Italy vs BenQ Italy SRL, March 2021, Corte di Cassazione, Sez. 5 Num. 1374 Anno 2022

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BenQ Italy SRL is part of a multinational group headed by the Taiwanese company BenQ Corporation that sells and markets technology products, consumer electronics, computing and communications devices. BenQ Italy’s immediate parent company was a Dutch company, BenQ Europe PV.

Following an audit the tax authorities issued a notice of assessment for FY 2003 in which the taxpayer was accused of having procured goods from companies operating in countries with privileged taxation through the fictitious interposition of a Dutch company (BenQ Europe BV), the parent company of the taxpayer, whose intervention in the distribution chain was deemed uneconomic. On the basis of these assumptions, the tax authorities found that the recharge of costs made by the interposed company, were non-deductible. The tax authorities also considered that, through the interposition of BenQ BV, the prices charged by the taxpayer were aimed at transferring most of the taxable income to the manufacturing companies of the BenQ Group located in countries with privileged taxation. Thirdly, the costs recharged by the Dutch company to the taxpayer for the insurance of the solvency risk of its customers was denied.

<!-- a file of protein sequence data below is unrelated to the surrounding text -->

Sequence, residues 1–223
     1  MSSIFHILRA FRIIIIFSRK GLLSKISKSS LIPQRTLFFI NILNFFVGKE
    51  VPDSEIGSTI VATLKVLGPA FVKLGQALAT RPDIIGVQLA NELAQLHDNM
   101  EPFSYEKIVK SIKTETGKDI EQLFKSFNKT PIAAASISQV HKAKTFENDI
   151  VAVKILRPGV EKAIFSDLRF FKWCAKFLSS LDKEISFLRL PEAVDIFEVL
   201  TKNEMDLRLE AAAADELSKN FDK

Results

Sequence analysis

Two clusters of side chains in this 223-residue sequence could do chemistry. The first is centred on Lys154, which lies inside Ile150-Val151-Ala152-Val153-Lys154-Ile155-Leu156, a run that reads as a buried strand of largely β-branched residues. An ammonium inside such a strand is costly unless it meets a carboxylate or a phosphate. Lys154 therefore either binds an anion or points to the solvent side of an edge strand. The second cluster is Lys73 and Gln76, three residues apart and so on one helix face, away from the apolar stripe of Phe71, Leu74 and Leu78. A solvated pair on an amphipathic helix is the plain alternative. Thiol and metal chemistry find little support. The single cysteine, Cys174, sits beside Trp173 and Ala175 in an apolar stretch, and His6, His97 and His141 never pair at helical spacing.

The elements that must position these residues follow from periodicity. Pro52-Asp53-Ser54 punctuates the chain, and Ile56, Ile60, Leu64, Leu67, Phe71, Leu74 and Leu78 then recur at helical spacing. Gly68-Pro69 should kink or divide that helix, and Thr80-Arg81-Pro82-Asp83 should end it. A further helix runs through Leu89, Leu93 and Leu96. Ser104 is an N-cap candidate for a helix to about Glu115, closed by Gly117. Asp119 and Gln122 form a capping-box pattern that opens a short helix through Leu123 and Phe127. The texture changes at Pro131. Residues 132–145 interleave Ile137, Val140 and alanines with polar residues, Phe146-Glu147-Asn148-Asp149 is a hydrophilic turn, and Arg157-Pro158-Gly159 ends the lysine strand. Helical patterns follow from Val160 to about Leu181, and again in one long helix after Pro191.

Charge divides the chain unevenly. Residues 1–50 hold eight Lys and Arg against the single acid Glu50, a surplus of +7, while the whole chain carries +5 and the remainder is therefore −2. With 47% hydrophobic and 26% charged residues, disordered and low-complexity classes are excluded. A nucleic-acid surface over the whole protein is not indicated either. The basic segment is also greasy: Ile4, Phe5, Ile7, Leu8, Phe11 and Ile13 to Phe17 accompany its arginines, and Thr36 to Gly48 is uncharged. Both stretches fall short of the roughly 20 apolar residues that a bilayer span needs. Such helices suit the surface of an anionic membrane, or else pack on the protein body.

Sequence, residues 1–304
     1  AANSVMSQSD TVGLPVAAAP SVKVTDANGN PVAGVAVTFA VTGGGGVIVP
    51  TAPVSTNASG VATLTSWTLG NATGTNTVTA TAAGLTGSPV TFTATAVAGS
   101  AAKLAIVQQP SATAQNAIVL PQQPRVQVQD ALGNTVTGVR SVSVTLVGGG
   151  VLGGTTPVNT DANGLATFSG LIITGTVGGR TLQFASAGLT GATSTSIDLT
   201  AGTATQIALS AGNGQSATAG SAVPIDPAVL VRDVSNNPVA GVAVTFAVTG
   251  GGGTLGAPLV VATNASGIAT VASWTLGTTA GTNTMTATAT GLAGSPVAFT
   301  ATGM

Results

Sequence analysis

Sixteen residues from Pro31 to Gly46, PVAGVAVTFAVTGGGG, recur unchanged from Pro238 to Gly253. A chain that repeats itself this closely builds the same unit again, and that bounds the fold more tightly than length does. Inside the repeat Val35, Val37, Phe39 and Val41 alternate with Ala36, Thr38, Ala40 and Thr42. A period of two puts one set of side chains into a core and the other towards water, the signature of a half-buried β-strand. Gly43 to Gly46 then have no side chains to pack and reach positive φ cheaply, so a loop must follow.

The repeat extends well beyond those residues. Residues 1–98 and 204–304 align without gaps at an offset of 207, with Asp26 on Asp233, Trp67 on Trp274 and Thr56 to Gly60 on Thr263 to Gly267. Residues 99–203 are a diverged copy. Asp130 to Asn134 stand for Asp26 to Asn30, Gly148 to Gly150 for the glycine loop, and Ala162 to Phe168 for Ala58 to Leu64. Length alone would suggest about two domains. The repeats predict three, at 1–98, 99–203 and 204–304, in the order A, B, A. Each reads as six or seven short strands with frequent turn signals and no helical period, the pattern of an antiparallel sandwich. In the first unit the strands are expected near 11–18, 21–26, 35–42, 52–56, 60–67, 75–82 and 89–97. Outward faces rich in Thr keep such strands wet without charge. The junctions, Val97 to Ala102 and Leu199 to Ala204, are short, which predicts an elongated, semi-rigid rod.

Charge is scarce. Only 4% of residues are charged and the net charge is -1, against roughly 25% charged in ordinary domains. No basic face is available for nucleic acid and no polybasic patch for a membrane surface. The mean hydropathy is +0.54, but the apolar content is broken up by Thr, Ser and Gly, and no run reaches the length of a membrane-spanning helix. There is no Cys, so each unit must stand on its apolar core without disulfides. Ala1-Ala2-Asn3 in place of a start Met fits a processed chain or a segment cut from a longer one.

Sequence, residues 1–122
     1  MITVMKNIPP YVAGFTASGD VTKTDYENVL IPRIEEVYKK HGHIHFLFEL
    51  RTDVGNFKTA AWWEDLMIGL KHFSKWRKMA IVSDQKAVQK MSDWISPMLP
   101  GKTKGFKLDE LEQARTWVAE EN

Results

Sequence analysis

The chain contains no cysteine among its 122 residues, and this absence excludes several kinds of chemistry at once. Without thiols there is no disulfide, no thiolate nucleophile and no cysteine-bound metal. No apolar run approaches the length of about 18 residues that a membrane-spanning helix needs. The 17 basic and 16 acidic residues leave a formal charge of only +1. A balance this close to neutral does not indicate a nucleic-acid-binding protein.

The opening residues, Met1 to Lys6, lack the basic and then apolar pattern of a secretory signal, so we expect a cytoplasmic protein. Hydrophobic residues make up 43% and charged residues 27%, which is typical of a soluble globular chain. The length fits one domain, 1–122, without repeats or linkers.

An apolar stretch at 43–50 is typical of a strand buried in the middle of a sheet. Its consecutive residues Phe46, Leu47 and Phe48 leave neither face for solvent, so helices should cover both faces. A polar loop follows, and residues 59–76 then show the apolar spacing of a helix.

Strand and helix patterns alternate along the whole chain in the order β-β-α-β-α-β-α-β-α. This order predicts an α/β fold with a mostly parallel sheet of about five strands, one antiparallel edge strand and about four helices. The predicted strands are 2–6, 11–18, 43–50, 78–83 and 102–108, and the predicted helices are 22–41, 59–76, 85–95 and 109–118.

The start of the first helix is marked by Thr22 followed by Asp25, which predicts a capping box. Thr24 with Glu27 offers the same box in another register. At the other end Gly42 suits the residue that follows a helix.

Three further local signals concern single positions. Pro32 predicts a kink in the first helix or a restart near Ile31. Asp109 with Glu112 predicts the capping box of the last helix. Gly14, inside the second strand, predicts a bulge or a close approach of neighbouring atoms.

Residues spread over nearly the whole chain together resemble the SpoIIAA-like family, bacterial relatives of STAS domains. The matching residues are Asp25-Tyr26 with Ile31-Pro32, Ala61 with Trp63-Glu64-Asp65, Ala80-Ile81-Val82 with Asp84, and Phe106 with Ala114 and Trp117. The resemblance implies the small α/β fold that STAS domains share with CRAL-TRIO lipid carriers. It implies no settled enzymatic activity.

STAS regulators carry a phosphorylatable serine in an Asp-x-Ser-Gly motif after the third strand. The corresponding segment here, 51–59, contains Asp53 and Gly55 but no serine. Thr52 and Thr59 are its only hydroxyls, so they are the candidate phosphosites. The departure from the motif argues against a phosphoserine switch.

Not agreeing with the assessment BenQ Italy filed a complaint which was rejected first by the provincial court and later by the regional court. The regional court held – in relation to purchases from non-EU countries – that there were no economic reasons for the interposition of the parent company in relation to such purchases. Secondly, the court found that the taxpayer did not allocate the income earned in Italy according to the market values of the goods purchased from the group’s distribution chain, which resulted from the variability of the unit prices and the application by the seller under Dutch law of negative mark-up prices, constituting circumstantial evidence of the transfer of the economic advantage to group companies located in other countries. Finally, it held that the insurance costs were not inherent.

BenQ then filed an appeal with the Supreme Court based on ten grounds.

In the forth ground of appeal BenQ Italy alleged that the judgment under appeal held that the rules on transfer prices had been infringed. BenQ Italy argues that the burden of proof is on the tax authorities, in order to overcome the documentary (and negotiated) element of the purchase price agreed between the seller and the other companies in the group, to provide evidence that such price constitutes a breach of the arm’s length principle. BenQ also points out that none of the methods advocated on the basis of the OECD Guidelines and the Circular of the tax authorities No 32/9/2267 of 1980 has been applied in the present case, with a consequent breach of the rules governing placement of the burden of proof.